The legality of documents created online

| 06/06/2016

If you create a will using the Legal Zoom website, would the document be legal in Cayman?

Auntie’s answer: I am sure you are not the first person to create a document online and wonder what the legal status would be in Cayman. These days you can do everything from publishing a book to filing a patent online. And there are probably many other possibilities that go far beyond what this little Auntie can contemplate.

For something as significant as a will, you certainly don’t want to leave anything unclear or open to a disgruntled family member contesting the document. The lawyer I consulted on this question pointed out that Legal Zoom is a US website with documents formulated according to US law. Because of that, he advised, “For such an important document, you should contact a competent lawyer in Cayman.”

Without placing judgement on what would constitute a “competent lawyer”, you can check the Cayman Islands Law Society website  for information on local attorneys.


Category: Ask Auntie

Comments (1)

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  1. Cho King Often says:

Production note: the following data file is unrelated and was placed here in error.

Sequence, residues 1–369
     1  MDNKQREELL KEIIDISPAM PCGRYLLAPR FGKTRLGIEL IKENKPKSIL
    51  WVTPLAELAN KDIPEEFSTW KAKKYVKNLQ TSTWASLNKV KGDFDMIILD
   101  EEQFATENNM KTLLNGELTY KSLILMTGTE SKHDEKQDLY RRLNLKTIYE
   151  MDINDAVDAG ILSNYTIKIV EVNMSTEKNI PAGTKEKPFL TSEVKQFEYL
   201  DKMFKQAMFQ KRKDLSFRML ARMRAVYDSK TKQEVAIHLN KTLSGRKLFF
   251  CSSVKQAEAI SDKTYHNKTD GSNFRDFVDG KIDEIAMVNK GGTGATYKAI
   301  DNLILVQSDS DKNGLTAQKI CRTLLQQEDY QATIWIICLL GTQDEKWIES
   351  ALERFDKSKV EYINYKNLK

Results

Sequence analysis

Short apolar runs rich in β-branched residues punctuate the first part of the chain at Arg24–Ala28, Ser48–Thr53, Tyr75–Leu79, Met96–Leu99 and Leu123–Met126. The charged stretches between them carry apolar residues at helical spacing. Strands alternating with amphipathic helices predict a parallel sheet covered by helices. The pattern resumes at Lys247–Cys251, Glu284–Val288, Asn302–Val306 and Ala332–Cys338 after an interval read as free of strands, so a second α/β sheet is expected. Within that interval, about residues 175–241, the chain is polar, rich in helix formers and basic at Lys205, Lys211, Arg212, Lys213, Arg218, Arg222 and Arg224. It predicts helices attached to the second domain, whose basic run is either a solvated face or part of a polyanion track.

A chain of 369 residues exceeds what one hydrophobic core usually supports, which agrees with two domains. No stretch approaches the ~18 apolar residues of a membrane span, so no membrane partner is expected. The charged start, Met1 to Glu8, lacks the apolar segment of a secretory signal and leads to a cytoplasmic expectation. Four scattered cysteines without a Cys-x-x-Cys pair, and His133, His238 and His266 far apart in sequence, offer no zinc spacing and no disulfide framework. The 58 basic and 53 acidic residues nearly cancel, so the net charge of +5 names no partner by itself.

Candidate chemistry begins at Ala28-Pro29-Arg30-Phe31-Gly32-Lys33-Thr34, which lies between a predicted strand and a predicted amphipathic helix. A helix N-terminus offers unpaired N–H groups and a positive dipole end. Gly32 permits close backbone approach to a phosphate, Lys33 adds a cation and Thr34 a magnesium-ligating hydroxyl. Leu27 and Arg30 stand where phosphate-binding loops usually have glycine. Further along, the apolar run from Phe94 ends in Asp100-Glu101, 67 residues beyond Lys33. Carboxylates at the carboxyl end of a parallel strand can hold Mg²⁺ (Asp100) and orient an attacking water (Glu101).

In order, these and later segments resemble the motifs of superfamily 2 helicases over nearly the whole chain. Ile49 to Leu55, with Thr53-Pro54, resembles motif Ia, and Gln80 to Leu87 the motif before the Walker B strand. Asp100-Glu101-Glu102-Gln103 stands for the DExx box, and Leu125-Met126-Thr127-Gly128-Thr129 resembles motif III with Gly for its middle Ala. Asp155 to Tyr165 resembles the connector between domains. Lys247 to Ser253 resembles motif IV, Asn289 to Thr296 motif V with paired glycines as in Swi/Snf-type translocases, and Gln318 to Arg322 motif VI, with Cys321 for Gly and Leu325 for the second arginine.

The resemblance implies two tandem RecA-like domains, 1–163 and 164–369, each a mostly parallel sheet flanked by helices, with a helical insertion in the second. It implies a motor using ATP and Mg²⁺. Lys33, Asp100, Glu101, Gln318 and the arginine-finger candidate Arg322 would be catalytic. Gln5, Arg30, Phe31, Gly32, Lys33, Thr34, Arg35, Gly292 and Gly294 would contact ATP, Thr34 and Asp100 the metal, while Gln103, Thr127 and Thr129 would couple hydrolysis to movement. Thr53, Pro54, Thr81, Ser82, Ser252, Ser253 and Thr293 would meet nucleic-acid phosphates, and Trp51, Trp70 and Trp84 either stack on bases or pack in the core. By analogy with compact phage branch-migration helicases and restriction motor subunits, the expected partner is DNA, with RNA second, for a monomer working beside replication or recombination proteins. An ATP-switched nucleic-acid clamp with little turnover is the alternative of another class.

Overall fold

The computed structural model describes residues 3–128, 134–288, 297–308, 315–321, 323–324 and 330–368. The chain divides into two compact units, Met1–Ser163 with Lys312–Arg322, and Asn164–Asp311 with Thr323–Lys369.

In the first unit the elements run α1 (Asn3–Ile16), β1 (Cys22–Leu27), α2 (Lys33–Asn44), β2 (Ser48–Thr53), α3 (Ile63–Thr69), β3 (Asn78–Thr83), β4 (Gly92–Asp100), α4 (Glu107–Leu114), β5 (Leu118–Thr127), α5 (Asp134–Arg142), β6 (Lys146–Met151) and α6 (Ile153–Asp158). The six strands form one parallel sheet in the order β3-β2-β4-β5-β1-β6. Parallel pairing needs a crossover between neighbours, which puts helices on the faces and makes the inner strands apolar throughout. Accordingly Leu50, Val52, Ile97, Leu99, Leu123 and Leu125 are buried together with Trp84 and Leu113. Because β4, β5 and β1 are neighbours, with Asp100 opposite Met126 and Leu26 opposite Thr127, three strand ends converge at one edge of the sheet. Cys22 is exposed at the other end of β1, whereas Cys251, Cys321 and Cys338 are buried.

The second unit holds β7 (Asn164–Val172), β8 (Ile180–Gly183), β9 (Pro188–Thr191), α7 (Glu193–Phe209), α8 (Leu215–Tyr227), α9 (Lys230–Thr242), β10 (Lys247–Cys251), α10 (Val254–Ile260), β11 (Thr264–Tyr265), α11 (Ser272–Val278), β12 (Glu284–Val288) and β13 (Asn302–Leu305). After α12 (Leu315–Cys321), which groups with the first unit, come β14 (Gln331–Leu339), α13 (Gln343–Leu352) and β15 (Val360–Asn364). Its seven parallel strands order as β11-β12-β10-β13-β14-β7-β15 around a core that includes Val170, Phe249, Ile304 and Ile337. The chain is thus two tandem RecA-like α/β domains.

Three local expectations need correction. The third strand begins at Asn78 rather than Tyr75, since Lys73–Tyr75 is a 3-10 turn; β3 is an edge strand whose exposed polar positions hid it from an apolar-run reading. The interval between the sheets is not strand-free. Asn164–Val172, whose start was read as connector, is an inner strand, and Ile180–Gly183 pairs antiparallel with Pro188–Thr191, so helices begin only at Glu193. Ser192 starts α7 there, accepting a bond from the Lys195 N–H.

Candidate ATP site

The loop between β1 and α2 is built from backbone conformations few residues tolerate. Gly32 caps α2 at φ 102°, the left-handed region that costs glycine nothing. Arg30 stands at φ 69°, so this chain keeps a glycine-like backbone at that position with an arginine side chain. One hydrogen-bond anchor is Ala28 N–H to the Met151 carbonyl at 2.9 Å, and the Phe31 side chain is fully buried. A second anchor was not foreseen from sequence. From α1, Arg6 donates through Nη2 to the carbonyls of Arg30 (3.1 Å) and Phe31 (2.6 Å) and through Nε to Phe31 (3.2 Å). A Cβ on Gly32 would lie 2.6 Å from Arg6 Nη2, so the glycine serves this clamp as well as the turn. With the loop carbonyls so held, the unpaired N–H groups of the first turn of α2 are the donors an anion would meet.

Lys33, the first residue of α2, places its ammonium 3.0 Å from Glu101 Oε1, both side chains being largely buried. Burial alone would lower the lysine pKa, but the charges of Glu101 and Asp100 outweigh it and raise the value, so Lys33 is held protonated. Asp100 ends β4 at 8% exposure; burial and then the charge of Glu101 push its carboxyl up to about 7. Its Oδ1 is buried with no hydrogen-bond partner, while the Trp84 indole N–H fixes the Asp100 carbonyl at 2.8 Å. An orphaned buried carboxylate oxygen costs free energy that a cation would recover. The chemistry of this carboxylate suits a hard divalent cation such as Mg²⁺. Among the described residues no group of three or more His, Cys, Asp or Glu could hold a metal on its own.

Any “will” that is legally signed and witnessed can be quite binding. As long as there are no “ambiguities” in the language, especially where contingencies like survivorship and the specific details of each bequest, it will stand up to all but the most greedy and litigious efforts mounted against it.

    If you want to see real battles, just watch a family self-destruct when a wealthy member dies! Dog-eat-dog is a polite way of saying that some real animosities will rear their ugly heads in such cases. This can be especially true where one or more members had little or no interaction with the deceased, yet feel they were unfairly slighted in a will! I’m watching a family of a very good friend go through this right now. The person who was the daily caregiver of the deceased received (rightfully) the lions share in the will, but closer relations who “couldn’t be bothered with that” now are battling over the estate. U-G-L-Y!

    The will is hand-written and properly executed, and thus has so far withstood every effort to supplant it! The battles have raged on for over 2 years now, and the legal expenses imposed by the claimant have basically robbed the lawful recipient of over 60% of the net proceeds so far. The claimant has publicly stated “if I can’t have it, nobody else can” and has succeeded in enforcing that greed on the rightful beneficiary. In reality, both sides are the losers. Like I said, U-G-L-Y!!

    In a way, I thank God I have no really wealthy family relations!